I haven’t had any alcohol in over a year. I quit smoking around the same time, because if something’s worth doing, it’s worth doing right, I guess. And I don’t really do drugs. I mean, I wouldn’t say “No,” but I know my weaknesses and I don’t intentionally seek them out. I tell you this—presenting the personal as critically salient—so that you have context for what I’m about to say next. Which is: I have not, in the one year, two months and five days of my sobriety, wanted a drink or a smoke or any kind of artificially induced release as badly as I did after seeing “Dutch Masters.”
Like I said, I don’t really do drugs. But I do know what it’s like to be high and before seeing this show I’d never had that feeling simulated by a piece of theater. The sense of heightened reality and the intense awareness of the body. The heart pounding in your chest. The heart, not pounding anywhere. Am I dying? Am I dead already? I’ve never been skydiving but I’ve heard that after a certain point you no longer experience the sensation of falling. That’s like what being high is like. That’s what “Dutch Masters” is like.
Generally speaking, while skydiving or high you’re not confronted with a history of racial oppression rendered in intense, claustrophobic close-up and excruciating personal detail with overtones of a blatant conspiracy of anti-blackness spanning centuries. Although sometimes, as in the case of Greg Keller’s play, you are. Set in New York City in the summer of 1992, “Dutch Masters,” in its regional premiere at Jackalope, is rooted in time (Atari, A Tribe Called Quest, landlines) and place (the Knicks, the D train, Mayor Dinkins). In the depths of Midwest winter, you can feel the city heat in the air, sticky, thick and pressing in on all sides. Even before the radical transformation of the set (designed by Ryan Emens), the atmosphere of this production marks a consummate technical achievement. Simean Carpenter’s lights, alternately fidgety and resolute, and Steve Labedz’s pointed and particular sound design (a scene where a character tracks a police siren down several city blocks is as unmistakable as it is unforgettable) render the reality of urban life: a symphony—or cacophony—of sound and color at all hours of every day without cease. Or escape.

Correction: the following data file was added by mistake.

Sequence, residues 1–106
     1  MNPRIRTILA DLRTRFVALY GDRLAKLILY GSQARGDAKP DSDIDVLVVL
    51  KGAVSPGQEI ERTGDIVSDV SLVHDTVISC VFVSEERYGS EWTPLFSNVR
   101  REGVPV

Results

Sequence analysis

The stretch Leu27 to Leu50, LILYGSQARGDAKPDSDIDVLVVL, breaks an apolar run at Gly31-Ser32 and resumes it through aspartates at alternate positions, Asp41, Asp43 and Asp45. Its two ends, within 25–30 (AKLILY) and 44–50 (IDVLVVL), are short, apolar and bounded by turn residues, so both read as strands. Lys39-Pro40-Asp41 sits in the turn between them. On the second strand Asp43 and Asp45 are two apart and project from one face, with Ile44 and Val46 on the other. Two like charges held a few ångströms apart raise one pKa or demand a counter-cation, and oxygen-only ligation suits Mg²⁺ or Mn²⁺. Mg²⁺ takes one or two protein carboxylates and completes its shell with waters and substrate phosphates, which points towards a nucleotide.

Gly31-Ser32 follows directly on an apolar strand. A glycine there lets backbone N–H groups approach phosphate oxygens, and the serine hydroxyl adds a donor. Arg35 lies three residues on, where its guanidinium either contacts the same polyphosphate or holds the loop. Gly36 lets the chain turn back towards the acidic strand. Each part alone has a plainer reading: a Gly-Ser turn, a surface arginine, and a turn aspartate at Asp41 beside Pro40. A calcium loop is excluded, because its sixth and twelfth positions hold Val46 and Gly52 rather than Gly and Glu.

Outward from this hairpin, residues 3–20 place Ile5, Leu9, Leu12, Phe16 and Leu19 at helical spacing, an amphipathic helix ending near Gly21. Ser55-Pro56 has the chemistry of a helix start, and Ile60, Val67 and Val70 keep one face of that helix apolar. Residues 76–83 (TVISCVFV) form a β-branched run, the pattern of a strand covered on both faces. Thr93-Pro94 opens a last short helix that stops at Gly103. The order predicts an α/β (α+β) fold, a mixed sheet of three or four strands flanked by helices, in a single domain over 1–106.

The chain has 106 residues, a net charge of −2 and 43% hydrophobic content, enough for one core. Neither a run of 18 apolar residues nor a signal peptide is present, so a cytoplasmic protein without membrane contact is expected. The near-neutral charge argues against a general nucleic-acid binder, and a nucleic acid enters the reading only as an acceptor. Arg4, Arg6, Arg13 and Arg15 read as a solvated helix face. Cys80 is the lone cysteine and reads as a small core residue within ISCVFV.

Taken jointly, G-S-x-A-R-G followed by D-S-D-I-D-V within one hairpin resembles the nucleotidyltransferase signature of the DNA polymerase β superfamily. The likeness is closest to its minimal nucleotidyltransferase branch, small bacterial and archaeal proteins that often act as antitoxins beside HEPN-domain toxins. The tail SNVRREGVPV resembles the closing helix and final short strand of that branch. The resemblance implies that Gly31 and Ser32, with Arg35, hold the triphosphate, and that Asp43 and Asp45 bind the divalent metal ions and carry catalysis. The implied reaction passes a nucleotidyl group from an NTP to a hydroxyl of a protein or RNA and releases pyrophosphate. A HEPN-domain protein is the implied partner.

And while those of us with memories, vague or otherwise, of pre-internet days may feel a tug of nostalgia, “Dutch Masters” has its own historical gravitational field, pulling from all directions. The story, in its brisk and breathless eighty minutes, is a footnote in the history of white theft, made aching and unavoidable through an unparalleled degree of artistic rigor. While riding a train uptown, Steve (Sam Boeck) is part convinced, part coerced into a conversation with Eric (Patrick Agada), a dialogue that will conclude in revelations and violence, betraying a festering collective wound, one that hasn’t even been fully addressed never mind reckoned with. Throughout their interaction, a tension grows—waning here, waxing there—until it becomes all but unbearable. Agada and Boeck do the kind of work they give awards for though I can’t begin to imagine how they recoup from this show, night after night. I hope, for their sakes (and the sake of understudies Max Thomas and Daniel Gadaj, stage manager JC Widman and anyone else watching this show multiple times each week), that they have a healthy and effective source of relief.
“Dutch Masters” is a play about the labor that black people constantly perform, which we readily take for granted. It’s about how our relationship to black culture is frankly fucking creepy at times. It is about how the adoration of black icons is just another side of the infinite die of racism. It is about the pervasive belief that exceptionalism can erase the things we’d rather not think about. And while it may spark feelings of guilt, “Dutch Masters,” a story that begins with Steve and ends with Eric, is about how all these things, overt and covert alike, that actually affect black people. The play surveys the human cost of institutionalized racism, plunging in from macro exterior to discrete micro before allowing us to work our way back out again, seeing the connections between our choices in language, clothing, music, et cetera and the lives and labor that have allowed us to experience those things as pleasures.
Masterfully led by established actor and rapidly rising directorial star Wardell Julius Clark, who gives space and silence to pain, allowing us the opportunity to sit with our discomfort, “Dutch Masters” is definitive Jackalope, the type of work written about in the reverent early chapters of a future biography alongside “Exit Strategy” and “Octagon.” It is clear to anyone keeping tabs that the company is ascendant: their taste, bar none, their reputation, par excellence. Building on a career-defining work by Calamity West and with the world premiere of Kenneth Lin’s “Life on Paper” forthcoming, Jackalope’s eleventh season is shaping up to be their strongest yet, with a litany of additional programming and a full calendar at their storefront incubator The Frontier. We are now well past the point of introduction and into the territory of exponentially-increasing artistic resonance. Where the company goes from here relies on factors beyond insider speculation. But the mind does not tire in imagining it. (Kevin Greene)
Jackalope Theatre at Broadway Armory Park, 5917 North Broadway, jackalopetheatre.org, $5-$30. Through April 6.